Maybe Felzz is starting to rub off on me or maybe it's a way of coping because as I endured the Cubs 7-0 loss yesterday, I couldn't help but play The Smiths in my head...
How come someone hasn't noticed that I'm dead and decided to bury me? God knows I'm ready.
Much like the "This Charming Charlie" peanuts mash-up that will soon be gone (check it out if you're a fan), I think the Cubs season can be put to The Smiths lyrics and it would suddenly make a lot of sense. But let's try not to think about the record and look forward to next year...because we all need to cling to something.
UPDATE 3:28 PM: Javier Baez will not be going to the Arizona Fall League. After his first full season plus a stint in the playoffs, the Cubs have decided that he'd be better served with some rest instead. No word on who will replace him or if Albert Almora will transfer from the taxi squad to the everyday roster.
(UPDATE 1:00 PM) More thoughts on Maddux. If you want to know my opinion on this. It's that the Cubs aren't 100% committed to Sveum but they are close and they are not on the verge of firing him. Rather, I think they are leaving the door slightly ajar. They won't fire him for the sake of firing him, but part of me thinks their heart still skips a beat for Mike Maddux. He's the guy they wanted to help develop their pitching in the original search. It also helps that he's already been through the very long interview process and I think Farrell's success with their old friends in Boston only strengthens the appeal for a pitching guru as manager. The Cubs have been careful with their words because it gives them an out either way. They've given no vote of confidence, yet if he is to stay, they can say they said all along there were no alarms and reiterate the positives they spoke of earlier with Sveum. I'm not saying the job is Maddux's if he wants it. I'm just saying the Cubs are legitimately being thorough with their evaluation and, until they make a formal dccision, they are leaving the door open...just in case, but... I still think that Sveum stays in the end. But if he doesn't succeed, maybe Maddux looms as an option down the road.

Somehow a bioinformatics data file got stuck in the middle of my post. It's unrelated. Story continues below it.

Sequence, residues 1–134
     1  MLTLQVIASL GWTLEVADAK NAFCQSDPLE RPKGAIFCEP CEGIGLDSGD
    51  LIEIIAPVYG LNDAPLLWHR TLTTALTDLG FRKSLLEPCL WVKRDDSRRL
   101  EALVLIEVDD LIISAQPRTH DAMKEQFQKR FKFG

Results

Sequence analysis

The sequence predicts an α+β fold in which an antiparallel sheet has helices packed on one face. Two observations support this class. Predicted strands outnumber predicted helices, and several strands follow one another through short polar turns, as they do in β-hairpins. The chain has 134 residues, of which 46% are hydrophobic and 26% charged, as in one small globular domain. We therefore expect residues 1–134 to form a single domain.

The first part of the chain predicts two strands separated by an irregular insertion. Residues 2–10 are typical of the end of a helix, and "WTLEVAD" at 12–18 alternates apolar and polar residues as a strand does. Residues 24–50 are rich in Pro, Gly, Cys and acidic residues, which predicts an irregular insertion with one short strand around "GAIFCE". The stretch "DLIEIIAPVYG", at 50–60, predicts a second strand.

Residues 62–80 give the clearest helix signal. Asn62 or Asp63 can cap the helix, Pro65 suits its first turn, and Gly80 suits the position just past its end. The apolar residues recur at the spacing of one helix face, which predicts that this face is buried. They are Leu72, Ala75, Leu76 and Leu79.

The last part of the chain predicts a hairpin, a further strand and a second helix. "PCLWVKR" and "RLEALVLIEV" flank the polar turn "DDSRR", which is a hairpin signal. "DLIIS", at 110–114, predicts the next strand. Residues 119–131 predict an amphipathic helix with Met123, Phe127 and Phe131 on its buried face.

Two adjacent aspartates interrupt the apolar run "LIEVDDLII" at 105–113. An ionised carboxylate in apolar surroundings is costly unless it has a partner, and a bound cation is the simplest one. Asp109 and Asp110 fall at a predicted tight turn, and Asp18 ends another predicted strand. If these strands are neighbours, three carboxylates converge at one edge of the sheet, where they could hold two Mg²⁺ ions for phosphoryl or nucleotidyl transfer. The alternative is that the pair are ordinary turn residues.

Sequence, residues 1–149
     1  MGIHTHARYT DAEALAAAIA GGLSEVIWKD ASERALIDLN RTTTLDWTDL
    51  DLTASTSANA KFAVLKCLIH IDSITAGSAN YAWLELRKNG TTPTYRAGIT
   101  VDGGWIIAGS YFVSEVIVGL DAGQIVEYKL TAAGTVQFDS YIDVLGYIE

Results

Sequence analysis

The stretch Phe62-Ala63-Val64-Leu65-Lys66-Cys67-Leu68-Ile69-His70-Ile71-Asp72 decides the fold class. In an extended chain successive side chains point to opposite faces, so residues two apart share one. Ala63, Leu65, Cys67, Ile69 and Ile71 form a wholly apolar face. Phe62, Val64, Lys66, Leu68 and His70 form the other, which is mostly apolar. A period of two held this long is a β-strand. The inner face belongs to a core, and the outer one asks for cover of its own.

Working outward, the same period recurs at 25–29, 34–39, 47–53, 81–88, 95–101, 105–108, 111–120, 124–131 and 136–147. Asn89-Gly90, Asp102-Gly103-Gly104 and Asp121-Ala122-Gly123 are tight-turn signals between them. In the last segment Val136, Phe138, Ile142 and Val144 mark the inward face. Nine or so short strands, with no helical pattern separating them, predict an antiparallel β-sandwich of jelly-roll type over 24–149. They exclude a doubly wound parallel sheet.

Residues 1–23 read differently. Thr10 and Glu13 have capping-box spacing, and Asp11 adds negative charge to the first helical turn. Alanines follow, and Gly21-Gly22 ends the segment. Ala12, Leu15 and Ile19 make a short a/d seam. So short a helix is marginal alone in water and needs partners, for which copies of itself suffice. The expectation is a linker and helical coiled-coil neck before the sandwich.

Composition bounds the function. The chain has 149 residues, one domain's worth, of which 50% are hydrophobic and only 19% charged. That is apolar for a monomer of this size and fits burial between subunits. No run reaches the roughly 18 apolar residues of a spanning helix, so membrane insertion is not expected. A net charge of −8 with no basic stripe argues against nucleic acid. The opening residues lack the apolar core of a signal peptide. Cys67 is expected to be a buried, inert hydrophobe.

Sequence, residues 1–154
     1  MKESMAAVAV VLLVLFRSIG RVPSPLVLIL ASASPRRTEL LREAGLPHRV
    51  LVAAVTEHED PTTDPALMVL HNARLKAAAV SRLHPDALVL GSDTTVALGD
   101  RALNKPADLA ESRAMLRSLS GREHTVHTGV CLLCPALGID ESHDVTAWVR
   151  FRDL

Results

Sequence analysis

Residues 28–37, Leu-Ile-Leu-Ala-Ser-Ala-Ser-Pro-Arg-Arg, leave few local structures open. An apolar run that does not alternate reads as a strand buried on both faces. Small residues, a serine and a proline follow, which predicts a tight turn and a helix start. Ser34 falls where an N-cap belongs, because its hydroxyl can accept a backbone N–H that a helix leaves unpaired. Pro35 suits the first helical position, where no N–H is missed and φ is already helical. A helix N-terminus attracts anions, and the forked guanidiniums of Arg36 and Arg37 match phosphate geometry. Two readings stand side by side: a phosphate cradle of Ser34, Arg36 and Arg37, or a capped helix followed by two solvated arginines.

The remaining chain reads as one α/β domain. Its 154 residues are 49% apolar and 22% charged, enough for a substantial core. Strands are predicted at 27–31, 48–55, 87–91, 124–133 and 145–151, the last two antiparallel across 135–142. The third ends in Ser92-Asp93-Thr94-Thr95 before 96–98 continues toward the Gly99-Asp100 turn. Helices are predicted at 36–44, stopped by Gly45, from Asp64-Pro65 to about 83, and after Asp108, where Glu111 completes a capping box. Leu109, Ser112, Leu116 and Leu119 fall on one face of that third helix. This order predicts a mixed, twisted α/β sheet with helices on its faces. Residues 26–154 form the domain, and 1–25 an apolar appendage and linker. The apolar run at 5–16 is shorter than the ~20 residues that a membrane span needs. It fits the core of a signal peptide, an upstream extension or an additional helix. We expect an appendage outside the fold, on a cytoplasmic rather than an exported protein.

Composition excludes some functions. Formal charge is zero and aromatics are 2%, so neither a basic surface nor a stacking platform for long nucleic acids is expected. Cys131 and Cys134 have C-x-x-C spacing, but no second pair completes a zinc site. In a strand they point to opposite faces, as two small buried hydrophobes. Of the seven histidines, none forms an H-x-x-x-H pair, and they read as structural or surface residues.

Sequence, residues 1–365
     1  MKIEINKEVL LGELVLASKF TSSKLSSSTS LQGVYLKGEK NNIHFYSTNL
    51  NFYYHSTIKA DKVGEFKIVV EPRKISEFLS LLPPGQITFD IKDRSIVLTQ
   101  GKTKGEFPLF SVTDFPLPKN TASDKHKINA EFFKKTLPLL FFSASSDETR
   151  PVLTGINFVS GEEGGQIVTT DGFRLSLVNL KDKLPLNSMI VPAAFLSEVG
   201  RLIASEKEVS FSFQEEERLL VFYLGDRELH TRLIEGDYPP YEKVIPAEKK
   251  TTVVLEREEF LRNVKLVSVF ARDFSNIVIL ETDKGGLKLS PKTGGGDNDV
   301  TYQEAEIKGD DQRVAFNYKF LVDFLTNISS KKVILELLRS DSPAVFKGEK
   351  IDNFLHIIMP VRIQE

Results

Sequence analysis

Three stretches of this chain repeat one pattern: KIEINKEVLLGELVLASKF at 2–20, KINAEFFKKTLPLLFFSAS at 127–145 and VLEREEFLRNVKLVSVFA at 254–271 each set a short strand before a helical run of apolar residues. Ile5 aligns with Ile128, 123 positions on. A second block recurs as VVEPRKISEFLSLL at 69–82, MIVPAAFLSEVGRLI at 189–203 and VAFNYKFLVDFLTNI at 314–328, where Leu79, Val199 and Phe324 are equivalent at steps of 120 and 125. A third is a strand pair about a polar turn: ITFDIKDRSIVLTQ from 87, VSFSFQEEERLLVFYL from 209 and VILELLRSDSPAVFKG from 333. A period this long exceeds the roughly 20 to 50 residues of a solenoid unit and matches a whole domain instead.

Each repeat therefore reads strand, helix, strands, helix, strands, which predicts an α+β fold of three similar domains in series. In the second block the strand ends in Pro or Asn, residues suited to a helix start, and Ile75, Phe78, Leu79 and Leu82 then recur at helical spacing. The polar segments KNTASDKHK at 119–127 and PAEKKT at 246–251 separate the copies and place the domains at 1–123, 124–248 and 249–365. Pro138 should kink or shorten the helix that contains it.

- The Cubs are going to give Josh Vitters a shot in LF next spring and they'll give him the opportunity to force his way on to the roster. It makes a lot of sense with the impending log jam of 3B prospects, starting with the defensively superior Mike Olt, who probably gets first crack at that job. Kris Bryant, Christian Villanueva, and possibly Javier Baez loom in the not too distant future. But getting back back to Vitters, I think this is both a great idea and a difficult opportunity. The short side of the platoon is tough for any player, especially a young one like Vitters. Playing time is sporadic . You hope to play at least one game for every 3 the team plays. The Cubs have tried Dave Sappelt and Scott Hairston in that role and neither found success. But perhaps Vitters natural hitting ability can come into play here and we know he has hit LHPs much better than he has hit RHPs at the AAA level. Instead of signing another Hairston, why not try to fill the role internally and cheaply. What's more, I like the language the Cubs used here. They want him to "force his way into the picture". I've often thought that if Vitters wants to prolong his career with the Cubs, he's going to have to get after it. Nothing would please me more than to see him come to spring with a chip on his shoulder and ready to show the promise scouts once thought he had.
- Meanwhile neither Vitters nor Brett Jackson will be going to winter ball this year. I like the idea of letting them take the time off, clear their minds and get a fresh start next spring. Maybe everything they've been taught sinks in and they can let their natural abilities take over. At least that's what I'm hoping.